Considering gun control has it’s roots in racism and the action is bigoted, the comparison stands.

      I can think of a few groups of people who people are racist towards and it could be effectively concealed as well. Just because you dislike “X” doesn’t mean you can discriminate against “X” using the force of law.

      • Guav DNA says:

        There are many forms of discrimination, but they are not all equal. Discriminating against people because of the way they dress is also bigoted and discriminatory, but it is not the same things as discriminating against someone because of the color of their skin—something which they have no control over, did not ask for, and cannot change.

        Furthermore, you were not actually discriminated against—you were not denied service, employment, voting rights, etc. You were merely politely asked if you would be willing to cover your firearm, because it made some people uncomfortable. You reacted as a civilized person would and did so, although you had absolutely no obligation to do so.

        If I am at the playground with my toddler, exercising my 1st Amendment rights and wearing a t-shirt with a picture or word on it that might make some people uncomfortable, and another parent politely asked me if I’d be willing to zip up my sweatshirt because it was making them uncomfortable or they didn’t want their child to see it, I would be happy to do so. I have not been discriminated against, my rights have not been infringed, and it’s not remotely comparable to being bought & sold like property, worked like an animal, and denied freedom & liberty.

        I guess we’ll have to agree to disagree on this.

        • I was singled out and differentiated from the rest of the pack for my willingness to exercise my rights.  Yes or no?  If I did not exercise my legal right nothing would have been said.

          Just because I wasn’t denied service doesn’t mean it wasn’t discrimination.  If you go back and read that comparison it has nothing to do with service but someone disliking “X” and wanting something done about it.

          People disliked the fact I was carrying the firearm and wanted the officer to use force to do something about it.  That is why they approached the officer.  Read the text, you will noticed that the use of the substitution game is a statement made to the officer.  The people complaining to the officer had a preconceived belief of who I am and how I would act.  The point of this is replace inanimate object with any other type of person and you see exactly how it is discriminatory.  They disliked me for who I was and instead of approaching me, they wanted the officer to do it for them.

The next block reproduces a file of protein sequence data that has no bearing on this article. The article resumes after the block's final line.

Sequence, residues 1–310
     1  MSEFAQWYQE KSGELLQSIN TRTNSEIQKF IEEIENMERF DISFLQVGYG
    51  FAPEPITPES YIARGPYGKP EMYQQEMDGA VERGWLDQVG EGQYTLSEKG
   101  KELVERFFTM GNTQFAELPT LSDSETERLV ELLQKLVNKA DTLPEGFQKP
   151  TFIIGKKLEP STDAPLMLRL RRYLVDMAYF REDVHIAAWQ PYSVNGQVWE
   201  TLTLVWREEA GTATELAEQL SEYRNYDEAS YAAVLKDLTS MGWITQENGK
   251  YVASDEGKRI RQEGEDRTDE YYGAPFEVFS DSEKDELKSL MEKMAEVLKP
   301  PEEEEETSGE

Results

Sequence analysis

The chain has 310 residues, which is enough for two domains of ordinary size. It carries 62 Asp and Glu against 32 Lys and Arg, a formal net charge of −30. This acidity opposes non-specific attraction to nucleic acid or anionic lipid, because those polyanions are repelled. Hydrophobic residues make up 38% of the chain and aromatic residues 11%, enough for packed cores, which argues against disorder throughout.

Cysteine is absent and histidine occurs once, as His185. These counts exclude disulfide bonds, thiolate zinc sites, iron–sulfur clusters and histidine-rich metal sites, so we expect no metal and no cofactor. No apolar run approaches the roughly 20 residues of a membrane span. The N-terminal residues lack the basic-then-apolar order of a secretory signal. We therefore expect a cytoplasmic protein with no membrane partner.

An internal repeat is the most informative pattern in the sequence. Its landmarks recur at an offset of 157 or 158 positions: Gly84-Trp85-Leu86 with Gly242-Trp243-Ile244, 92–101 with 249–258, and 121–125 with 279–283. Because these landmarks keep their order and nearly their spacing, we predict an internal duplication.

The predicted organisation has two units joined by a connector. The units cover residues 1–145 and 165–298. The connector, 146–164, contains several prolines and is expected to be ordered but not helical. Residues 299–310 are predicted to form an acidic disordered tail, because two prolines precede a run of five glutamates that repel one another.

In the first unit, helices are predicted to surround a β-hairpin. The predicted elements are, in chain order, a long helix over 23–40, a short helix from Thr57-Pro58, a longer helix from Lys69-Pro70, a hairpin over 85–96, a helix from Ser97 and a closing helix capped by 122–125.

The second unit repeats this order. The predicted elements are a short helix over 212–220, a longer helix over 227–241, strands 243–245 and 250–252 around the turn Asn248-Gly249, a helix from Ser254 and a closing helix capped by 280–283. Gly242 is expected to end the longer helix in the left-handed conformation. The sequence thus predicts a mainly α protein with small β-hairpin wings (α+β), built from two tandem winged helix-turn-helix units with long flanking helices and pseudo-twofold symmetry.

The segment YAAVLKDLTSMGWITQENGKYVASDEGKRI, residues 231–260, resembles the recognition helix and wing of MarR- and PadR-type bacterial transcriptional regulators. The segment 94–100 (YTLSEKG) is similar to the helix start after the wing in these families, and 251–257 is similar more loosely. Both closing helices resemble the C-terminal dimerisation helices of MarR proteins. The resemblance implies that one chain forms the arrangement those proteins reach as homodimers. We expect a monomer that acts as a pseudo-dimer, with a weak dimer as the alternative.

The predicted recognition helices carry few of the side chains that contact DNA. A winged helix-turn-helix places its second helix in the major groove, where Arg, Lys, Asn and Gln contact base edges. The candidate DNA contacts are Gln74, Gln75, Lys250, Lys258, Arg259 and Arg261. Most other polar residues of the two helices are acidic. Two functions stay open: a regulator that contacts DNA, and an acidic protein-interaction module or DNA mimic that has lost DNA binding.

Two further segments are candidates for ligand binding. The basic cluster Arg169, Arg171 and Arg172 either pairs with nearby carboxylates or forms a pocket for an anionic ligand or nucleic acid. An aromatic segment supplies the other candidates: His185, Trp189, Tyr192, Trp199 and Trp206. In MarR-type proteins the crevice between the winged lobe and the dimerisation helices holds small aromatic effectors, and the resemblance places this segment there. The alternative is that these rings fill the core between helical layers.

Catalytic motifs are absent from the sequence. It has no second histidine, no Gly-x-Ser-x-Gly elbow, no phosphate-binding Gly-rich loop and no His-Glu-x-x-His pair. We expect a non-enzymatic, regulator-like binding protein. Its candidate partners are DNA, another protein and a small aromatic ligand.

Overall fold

I am a Gunnie.  I wear my firearm proudly as is my right.  I am not ashamed of it, and it frankly is a part of who I am.  Period.  You sir are telling me that I should change and alter who I am for the whims of others.

          As for your playground example, if a person asked me to un-tuck and conceal near a playground when I was with my child I would tell him no, it’s my legal right, and shortly there after my child and I would leave.  Why, because he was bigoted towards me and my willingness to carry and exercise my right.  I do not need to expose my child to those types of individuals.  Just the same if someone showed up wearing something I deemed offensive and didn’t want my child to see, I would leave.  It is not my place to force my morals or ethics on someone else.

          Just because I am willing to give a little to avoid confrontation or aggravating a situation doesn’t mean that the situation was acceptable and non-discriminatory.  You know, all those blacks had to do was just sit in the back of the bus right?  Sure they were born black, but they could have just given the inch and sat in the back.  They could have just used the other drinking fountain.  I was raised to be self reliant and have discovered the freedom of open carry.  It is who I am, while I may be able to cover up, when not legally required, why the hell should I?  Just the same, anyone should be able to sit on a bus where ever they want or use whatever drinking fountain they want.

          Would you prefer “Jew”, “Atheist”, or “Christian” in there instead of black.  They are all choices too, why not just throw your beliefs to the wayside for the want of someone else?  Discrimination isn’t just tied to skin color and your obsession about it shows that you completely missed the whole point.  The point was, he’s different and I don’t like it, do something about it. 

          • Guav DNA says:

            “The point of this is replace inanimate object with any other type of person and you see exactly how it is discriminatory.”

            It is precisely that replacement that I take issue with. An inanimate object is not a person; our possessions or clothes are not inescapable biology. You were not forced or compelled to do anything, nor were you denied anything or inconvenienced in any significant way, so I don’t personally feel this was a case of discrimination. That being said, it might very well have turned into something discriminatory if you had not cooperated—we don’t know way might have happened. The officer might have infringed on your rights and tried to make you leave the premises, or he might have smiled, said thank you, and walked away. But someone merely asking you a question is not discrimination.